It’s ‘the magic of Dool’. “It comes from the music. And because all five of us want to get the same thing out of a show. I see it as a return to yourself, but then all together, as a joint self-examination. Or meditation? It’s the way I connect with the audience. Maybe it’s spiritual.” That sounds like a question. “But not soggy.”
It’s not just throwing beer and building a moshpit, like it used to be
The stage is a ‘catalyst’ for Raven. “I finally know how important performances are to me. In the time of Elle Bandita I drank a lot. Now I know: I live for those shows, those are the moments that I have to enjoy sober, that have to stay with me.”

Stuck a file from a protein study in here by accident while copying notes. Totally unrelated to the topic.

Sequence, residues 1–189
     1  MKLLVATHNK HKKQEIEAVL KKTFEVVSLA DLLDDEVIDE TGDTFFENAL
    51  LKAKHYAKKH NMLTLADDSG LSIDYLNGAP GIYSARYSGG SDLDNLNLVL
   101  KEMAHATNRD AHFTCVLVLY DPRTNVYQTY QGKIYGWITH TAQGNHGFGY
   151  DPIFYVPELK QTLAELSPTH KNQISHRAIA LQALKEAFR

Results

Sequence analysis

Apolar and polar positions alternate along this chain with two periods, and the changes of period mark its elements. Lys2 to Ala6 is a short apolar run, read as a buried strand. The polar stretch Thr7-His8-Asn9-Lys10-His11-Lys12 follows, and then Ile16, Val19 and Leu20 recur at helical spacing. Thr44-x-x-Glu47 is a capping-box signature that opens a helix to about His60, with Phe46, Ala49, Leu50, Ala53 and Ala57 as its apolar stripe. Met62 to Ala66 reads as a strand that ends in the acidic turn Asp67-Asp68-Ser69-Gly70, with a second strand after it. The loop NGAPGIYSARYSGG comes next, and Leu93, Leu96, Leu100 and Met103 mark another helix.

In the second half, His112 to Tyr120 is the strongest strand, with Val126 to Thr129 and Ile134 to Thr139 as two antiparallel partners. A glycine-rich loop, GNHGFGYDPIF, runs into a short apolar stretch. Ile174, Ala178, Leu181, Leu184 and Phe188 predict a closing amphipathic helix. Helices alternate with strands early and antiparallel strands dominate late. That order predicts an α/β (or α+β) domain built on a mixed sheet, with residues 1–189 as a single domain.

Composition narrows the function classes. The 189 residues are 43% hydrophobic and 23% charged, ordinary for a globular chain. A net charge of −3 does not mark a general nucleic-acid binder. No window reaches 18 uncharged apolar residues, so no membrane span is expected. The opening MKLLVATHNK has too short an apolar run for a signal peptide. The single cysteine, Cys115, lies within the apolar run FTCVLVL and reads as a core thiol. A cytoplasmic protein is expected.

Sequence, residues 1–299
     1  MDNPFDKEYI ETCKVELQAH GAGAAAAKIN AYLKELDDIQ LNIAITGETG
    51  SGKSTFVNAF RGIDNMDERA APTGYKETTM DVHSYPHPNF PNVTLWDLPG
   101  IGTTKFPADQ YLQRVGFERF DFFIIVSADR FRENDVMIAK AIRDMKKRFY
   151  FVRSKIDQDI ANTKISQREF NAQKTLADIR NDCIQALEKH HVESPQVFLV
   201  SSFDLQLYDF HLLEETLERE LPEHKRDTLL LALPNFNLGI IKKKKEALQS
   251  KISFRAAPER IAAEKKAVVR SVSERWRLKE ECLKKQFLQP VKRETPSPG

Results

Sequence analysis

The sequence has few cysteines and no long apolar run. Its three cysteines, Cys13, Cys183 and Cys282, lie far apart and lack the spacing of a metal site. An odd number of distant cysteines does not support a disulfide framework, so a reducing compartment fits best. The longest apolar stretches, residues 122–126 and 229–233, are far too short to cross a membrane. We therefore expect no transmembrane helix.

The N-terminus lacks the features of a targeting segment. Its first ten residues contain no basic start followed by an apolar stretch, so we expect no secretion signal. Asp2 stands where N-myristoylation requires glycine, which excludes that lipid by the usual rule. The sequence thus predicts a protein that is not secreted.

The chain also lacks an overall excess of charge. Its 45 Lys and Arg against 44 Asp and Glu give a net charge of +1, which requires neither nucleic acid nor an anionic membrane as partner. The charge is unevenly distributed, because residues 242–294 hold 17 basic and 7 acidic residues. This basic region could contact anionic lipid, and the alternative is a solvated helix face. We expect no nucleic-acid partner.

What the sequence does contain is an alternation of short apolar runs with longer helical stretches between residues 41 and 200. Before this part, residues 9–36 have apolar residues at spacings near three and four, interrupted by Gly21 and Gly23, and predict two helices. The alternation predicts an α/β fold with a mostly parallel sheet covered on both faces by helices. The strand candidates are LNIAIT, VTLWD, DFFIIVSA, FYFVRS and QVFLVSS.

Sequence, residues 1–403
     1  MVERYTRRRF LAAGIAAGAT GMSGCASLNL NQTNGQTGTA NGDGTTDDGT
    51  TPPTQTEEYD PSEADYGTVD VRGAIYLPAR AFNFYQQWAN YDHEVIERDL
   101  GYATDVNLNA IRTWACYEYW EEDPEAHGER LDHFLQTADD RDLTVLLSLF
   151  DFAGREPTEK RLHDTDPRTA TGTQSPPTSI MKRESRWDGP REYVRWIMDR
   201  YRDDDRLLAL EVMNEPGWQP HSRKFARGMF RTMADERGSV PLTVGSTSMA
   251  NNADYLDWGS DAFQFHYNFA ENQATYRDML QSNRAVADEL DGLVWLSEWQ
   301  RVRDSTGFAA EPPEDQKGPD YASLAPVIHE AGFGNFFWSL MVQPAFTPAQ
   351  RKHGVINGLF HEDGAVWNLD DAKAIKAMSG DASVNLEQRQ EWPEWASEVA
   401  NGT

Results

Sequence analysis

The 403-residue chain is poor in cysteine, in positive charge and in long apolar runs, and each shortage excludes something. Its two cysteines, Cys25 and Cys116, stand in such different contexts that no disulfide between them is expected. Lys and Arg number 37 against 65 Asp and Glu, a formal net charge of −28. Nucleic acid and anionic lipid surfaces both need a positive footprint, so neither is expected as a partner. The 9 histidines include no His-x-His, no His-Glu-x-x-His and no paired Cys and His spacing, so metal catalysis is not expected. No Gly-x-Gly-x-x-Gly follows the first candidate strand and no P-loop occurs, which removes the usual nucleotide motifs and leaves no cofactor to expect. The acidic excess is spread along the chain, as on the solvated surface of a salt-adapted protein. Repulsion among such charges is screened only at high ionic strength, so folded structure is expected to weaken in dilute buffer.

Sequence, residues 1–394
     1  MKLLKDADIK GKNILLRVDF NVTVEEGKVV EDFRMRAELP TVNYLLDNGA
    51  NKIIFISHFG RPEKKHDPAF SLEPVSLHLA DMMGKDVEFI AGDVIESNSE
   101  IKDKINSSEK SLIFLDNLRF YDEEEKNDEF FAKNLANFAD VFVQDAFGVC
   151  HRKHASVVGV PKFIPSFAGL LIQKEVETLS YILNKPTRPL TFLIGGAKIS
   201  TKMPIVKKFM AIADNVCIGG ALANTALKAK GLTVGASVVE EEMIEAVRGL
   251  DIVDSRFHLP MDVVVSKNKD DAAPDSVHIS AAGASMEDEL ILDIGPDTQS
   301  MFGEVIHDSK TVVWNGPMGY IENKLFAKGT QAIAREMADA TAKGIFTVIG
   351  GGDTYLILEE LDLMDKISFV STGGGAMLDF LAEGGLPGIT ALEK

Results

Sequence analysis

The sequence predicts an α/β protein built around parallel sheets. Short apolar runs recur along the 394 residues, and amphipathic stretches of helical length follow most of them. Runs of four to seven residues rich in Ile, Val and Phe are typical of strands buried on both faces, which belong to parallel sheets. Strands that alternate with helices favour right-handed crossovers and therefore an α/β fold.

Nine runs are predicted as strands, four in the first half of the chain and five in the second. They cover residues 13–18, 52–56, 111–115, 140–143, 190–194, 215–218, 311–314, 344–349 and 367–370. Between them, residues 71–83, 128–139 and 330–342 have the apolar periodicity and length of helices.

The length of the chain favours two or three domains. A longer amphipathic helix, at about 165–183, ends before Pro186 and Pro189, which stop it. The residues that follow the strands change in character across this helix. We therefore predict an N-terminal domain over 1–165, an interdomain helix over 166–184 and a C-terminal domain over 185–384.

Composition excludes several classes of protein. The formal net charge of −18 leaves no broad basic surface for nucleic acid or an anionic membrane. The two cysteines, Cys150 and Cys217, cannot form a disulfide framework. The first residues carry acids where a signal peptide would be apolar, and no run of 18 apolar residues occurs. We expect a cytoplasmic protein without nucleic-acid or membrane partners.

The audience at their performances is varied, says Raven. „There are rockers of 50+ who love the guitar solos, next to young goths. There are RTL viewers who The perfect picture have looked and think ‘Nice, Raven van Dorst, let’s go’. And there will be people from the LGBT+ community who want to see Raven in person.”
At the end of the conversation, Raven talks about ‘the fight’ that has to be fought in the still heteronormative society. “A lot has improved compared to before. But the blueprint of society is difficult to change. It keeps twisting. And I keep feeling like I have to fight. It’s not necessarily annoying, you know, it’s just a bit more work.”
For members of the LGBT+ community, Raven seems to set an example. “That’s fine, if I can be that for people. I can see that I have opened a few doors.”
Raven is silent for a moment. “But actually I don’t feel like an example. I just feel like a loser with insecurities. Except when I’m on stage.”
A version of this article also appeared in NRC on the morning of April 7, 2022